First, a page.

A powerful switcher/looper that’s amazingly easy to use.
More and more guitarists are migrating from traditional pedalboards (with effects wired in series) to digital switching systems, where each effect connects to a central “brain” via its own isolated loop. The pedals always remain on, and the switcher adds them to the signal path as desired. That means less noise and signal loss, but the selling point for many guitarists is the ability to switch multiple effects with a single foot tap. That’s a godsend for players who, say, sing lead vocals, or simply hope to make occasional eye contact with their audience.
That’s the basic idea, but GigRig’s G2 blasts past the basics—and does so in remarkably intuitive ways. I fired up G2 without cracking the manual, and within five minutes, I’d programmed half a dozen presets.
The Wise Size
Measuring 17" x 5" x3" and weighing in at just under five pounds, G2 isn’t petite. But it must be that that size to accommodate the large network of rear-panel 1/4" jacks required by its 10 independent loops (two are stereo) and other features. Also, the size provides just the right spacing for the 14 top-panel footswitches. The ergonomics are great—even big feet in boots should have no problem stomping a switch without disturbing its neighbors. The rear panel includes MIDI in/out jacks, so you can store settings and switch programs on “smart” pedals.
All controls reside on the top panel between the footswitch banks. I winced when I saw they’re the soft-touch plastic buttons common on rack effects 25 years ago. It’s not a fun material to interact with, there’s no reassuring hardware “click.” But I soon realized that the soft buttons are actually a wise design choice.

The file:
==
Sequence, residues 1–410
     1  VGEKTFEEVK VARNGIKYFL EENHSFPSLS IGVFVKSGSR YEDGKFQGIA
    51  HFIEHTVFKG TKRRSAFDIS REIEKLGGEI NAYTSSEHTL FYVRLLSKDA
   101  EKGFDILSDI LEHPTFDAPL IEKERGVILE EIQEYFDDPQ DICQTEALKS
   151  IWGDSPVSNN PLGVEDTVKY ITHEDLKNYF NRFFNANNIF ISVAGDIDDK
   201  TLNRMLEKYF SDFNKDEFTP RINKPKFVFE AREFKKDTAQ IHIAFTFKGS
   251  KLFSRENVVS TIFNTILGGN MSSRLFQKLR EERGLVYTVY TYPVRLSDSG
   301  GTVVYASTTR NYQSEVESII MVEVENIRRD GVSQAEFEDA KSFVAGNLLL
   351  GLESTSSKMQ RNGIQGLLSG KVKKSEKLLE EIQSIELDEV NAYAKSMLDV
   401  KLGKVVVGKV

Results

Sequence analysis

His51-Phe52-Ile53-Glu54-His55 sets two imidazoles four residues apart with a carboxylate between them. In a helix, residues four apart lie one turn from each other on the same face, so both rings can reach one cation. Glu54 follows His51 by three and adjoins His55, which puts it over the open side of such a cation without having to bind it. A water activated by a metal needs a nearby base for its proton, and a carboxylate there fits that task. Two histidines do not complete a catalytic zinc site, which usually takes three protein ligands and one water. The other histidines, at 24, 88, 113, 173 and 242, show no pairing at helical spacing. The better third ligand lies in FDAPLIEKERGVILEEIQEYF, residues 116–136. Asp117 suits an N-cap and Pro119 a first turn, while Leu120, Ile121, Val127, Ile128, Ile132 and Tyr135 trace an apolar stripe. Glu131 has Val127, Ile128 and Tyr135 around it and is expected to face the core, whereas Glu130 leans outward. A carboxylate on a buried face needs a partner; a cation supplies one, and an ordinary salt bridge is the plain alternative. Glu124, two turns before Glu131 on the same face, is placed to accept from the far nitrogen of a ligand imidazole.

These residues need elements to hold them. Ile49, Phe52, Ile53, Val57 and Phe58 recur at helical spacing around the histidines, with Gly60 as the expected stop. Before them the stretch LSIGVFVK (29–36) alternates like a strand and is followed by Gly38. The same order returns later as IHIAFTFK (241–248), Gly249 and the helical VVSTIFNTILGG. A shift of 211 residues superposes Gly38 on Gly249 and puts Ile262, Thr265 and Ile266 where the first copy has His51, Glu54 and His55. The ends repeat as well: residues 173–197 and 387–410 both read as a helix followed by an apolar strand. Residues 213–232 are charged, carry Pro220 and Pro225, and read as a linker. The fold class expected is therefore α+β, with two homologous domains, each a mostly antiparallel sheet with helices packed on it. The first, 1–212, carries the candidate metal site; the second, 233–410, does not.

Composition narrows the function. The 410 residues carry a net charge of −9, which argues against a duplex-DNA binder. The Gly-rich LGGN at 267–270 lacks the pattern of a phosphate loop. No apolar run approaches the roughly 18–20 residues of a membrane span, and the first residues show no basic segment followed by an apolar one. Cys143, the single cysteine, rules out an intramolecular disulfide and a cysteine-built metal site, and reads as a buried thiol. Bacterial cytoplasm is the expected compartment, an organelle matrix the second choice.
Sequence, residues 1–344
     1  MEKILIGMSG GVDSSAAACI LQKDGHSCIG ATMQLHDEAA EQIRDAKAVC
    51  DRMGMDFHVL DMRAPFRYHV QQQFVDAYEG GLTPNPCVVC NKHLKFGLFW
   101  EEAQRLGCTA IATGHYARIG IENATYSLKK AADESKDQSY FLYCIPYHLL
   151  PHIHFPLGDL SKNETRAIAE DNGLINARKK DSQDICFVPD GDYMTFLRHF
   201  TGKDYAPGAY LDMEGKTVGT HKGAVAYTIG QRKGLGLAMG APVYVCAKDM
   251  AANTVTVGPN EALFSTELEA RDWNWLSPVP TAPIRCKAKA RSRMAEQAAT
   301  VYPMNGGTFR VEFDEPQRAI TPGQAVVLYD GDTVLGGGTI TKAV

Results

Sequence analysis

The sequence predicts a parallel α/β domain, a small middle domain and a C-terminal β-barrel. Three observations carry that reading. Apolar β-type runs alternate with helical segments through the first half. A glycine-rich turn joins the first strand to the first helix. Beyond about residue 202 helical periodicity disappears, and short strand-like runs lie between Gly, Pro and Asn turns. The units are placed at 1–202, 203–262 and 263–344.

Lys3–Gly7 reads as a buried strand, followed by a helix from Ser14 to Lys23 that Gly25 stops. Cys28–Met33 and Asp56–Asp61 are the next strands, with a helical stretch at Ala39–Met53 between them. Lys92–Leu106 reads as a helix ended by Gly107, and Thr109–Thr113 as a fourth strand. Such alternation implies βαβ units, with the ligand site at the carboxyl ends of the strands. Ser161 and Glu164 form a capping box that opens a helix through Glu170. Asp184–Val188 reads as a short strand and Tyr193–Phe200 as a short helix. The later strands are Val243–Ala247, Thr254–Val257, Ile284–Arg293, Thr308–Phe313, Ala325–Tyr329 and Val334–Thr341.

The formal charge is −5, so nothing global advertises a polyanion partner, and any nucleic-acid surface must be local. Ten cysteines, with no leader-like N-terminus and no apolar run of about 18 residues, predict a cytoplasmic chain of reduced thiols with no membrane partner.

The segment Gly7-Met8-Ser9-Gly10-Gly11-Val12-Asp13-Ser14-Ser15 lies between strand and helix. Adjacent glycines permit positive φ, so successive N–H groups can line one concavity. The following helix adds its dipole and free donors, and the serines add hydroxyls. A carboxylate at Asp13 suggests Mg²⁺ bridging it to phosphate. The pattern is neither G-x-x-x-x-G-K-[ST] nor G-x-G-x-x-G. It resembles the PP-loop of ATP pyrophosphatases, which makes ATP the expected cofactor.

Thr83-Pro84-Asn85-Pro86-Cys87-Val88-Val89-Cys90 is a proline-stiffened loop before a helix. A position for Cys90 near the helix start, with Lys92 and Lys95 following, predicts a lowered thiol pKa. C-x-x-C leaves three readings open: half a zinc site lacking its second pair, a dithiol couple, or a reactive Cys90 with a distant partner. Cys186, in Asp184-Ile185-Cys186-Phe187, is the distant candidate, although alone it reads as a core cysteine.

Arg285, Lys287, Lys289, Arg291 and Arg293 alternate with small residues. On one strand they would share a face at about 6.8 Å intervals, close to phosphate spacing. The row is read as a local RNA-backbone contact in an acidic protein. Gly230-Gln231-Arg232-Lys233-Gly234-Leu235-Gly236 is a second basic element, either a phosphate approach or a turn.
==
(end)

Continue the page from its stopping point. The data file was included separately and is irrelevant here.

Big Box Stores
The soft buttons are so low-profile that it’s nearly impossible to inadvertently switch them. Also, you need to press them far less frequently than on old-school rack effects, which brings us to one of G2’s cleverest tricks: There is no “edit” mode. No “store” mode. No fussy combined-switch maneuvers or long-tap/short-tap nonsense. You never need to save anything—G2 always remembers your settings, even after powering down.
While assigning effects, you can choose additional options—and that brings us to more of G2’s remarkable skills. Since the rear panel has two outputs, players with two amps can specify whether each program feeds amp A, amp B, or both. G2’s backside also hosts four remote-switching jacks, so you can, say, switch channels or engage amp reverb or tremolo and store the status with your program.
Gain and Again
But the coolest function may be the programmable pre- on post-gain settings—a feature I haven’t encountered elsewhere. G2 lets you set and recall the level feeding each effect loop as well as its return volume. This is potentially huge for players who use dynamically responsive overdrives, boosters, and fuzzes. Say you’ve connected a vintage-style Fuzz Face: One program might slam it hard for fat fuzz. Another might trim the signal feeding the pedal for a near-clean sound. A third might drive the pedal aggressively, but cut the signal feeding the amp for a hard, buzzy tone, while another might wallop the amp for maximum splat. It’s easy to imagine filling up G2’s program slots even if using only two or three stompboxes.
And how many programs can you store? Eight banks of 15 slots each for a total of 130. But another killer G2 feature may render the 15-per-bank calculation meaningless: You can set any footswitch/pedal to “stompbox mode,” toggling it on and off as on a conventional pedalboard. You might, for example, not program a reverb pedal into your presets, but toggle it off and on as needed, regardless of the active program, or do the same with a gain pedal for an always available solo boost. Factor in such possibilities, and the de facto number of programs per bank is … a buttload.
Looper/switchers are new technology for many players, but GigRig’s Daniel Steinhardt has been building them for a decade, and the experience shows. His G2 has far more functions than I could cover here—I just spotlighted some showstoppers. At $1,199, it’s a big investment. But that buys you serious hardware suitable for pro tours, and innovative software with unique and meaningful features. But G2’s ultimate feat may be the way it makes these complex functions so disarmingly simple.